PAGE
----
ESG in Business

Sooyeon Lee

                  These days many people are talking about ESG, ESG investment in business. So, what is ESG? Why is it so important? Let’s take a look at the definition and some factors of ESG.

P.c: GS Energy

What is ESG?

                  ESG refers to environmental, social and governance—describes areas that characterize a sustainable, responsible or ethical investment. The Financial Times Lexicon defines ESG as “a generic term used in capital markets and used by investors to evaluate corporate behavior and to determine the future financial performance of companies.” It is used by investors to evaluate corporations and determine the future financial performance of companies. It also adds that ESG are a subset of non-financial performance indicators which include sustainable, ethical and corporate governance issues such as managing a company’s carbon footprint and ensuring there are systems in place to ensure accountability. They are factors in investment considerations, used in risk assessment strategies incorporated into both investment decisions and risk management processes.

ESG investing

                  ESG refers to a class of investing that is also known as “sustainable investing.” This is an umbrella term for investments that seek positive returns and long-term impact on society, environment, and the performance of the business. There are several different categories of sustainable investing. They include impact investing, socially responsible investing, ESG, and values-based investing. Another school of thought puts ESG under the umbrella term of SRI. Under SRI are ethical investing, ESG investing, and impact investing.

ESG factors

                  ESG are three central factors in measuring the sustainability and ethical impact of a company. ESG factors, though non-financial, have a material impact on the long-term risk and return of investments. ESG is incorporated into risk mitigation, compliance and investment strategies. Companies that use ESG standards are more conscientious, less risky and are more likely to succeed in the long run.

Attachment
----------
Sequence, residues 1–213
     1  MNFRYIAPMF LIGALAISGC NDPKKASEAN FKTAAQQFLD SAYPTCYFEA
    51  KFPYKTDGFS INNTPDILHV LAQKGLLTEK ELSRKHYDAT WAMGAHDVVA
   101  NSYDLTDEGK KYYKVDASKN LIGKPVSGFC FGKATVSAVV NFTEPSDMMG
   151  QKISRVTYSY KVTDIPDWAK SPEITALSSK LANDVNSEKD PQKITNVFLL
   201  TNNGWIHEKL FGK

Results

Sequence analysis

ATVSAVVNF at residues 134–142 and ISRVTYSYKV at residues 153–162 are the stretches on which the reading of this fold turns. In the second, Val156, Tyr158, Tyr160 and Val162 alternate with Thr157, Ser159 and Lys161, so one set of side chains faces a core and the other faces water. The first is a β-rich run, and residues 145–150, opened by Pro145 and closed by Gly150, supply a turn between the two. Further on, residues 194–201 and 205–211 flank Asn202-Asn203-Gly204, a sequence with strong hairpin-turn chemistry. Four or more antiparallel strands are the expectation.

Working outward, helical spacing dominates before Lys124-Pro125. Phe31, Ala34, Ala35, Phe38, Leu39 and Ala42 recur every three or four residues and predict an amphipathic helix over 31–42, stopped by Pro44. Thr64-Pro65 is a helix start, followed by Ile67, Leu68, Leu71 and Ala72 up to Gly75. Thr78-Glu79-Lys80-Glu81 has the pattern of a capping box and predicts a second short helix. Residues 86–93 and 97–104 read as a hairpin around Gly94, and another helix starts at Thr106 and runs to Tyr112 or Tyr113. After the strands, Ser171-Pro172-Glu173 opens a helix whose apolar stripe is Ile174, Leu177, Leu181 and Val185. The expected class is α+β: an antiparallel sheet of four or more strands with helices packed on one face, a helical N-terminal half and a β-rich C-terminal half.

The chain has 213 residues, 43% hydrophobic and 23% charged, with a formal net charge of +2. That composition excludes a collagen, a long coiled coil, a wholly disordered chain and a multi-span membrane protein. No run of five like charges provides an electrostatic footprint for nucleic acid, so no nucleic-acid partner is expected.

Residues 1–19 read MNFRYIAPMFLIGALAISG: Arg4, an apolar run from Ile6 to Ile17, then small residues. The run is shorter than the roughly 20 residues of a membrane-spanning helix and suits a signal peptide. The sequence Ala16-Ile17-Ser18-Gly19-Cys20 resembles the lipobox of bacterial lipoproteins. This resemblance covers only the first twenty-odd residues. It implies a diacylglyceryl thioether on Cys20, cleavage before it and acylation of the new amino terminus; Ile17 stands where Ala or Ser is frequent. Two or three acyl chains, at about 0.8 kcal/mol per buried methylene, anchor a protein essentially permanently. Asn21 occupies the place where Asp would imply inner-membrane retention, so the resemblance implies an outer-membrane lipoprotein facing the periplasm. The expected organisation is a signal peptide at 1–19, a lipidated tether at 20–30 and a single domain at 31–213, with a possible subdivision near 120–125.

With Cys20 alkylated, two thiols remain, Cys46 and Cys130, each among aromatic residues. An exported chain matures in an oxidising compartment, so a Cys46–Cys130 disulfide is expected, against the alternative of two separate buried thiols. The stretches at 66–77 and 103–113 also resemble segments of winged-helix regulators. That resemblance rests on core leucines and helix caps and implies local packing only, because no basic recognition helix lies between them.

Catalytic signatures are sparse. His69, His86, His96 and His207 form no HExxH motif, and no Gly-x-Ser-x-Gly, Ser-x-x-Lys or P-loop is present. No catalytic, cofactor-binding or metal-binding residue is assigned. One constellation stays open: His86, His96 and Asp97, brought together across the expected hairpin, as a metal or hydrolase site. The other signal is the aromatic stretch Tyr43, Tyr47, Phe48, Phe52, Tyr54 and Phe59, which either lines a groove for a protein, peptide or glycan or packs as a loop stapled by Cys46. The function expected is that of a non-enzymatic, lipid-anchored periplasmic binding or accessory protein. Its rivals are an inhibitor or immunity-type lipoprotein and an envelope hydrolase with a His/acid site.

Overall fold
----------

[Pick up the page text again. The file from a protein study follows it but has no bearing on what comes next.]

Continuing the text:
According to Environmental, Social and Governance Issues in Investing, there is a lingering misperception that the body of empirical evidence shows that ESG considerations adversely affect financial performance. For investment professionals, a key idea in the discussion of ESG issues is that systematically considering ESG issues will likely lead to more complete investment analyses and better-informed investment decisions.

                  Responsible investors evaluate companies using ESG criteria as a framework to screen investments or to assess risks in investment decision-making. Environmental factors determine a company’s stewardship of the environment and focus on waste and pollution, resource depletion, greenhouse gas emissions, deforestation, and climate change. Social factors look at how a company treats people and focuses on employee relations and diversity, working conditions, local communities, health and safety, and conflict. Governance factors take a look at corporate policies and how a company is governed. They focus on tax strategy, executive remuneration, donations and political lobbying, corruption and bribery, and board diversity and structure.

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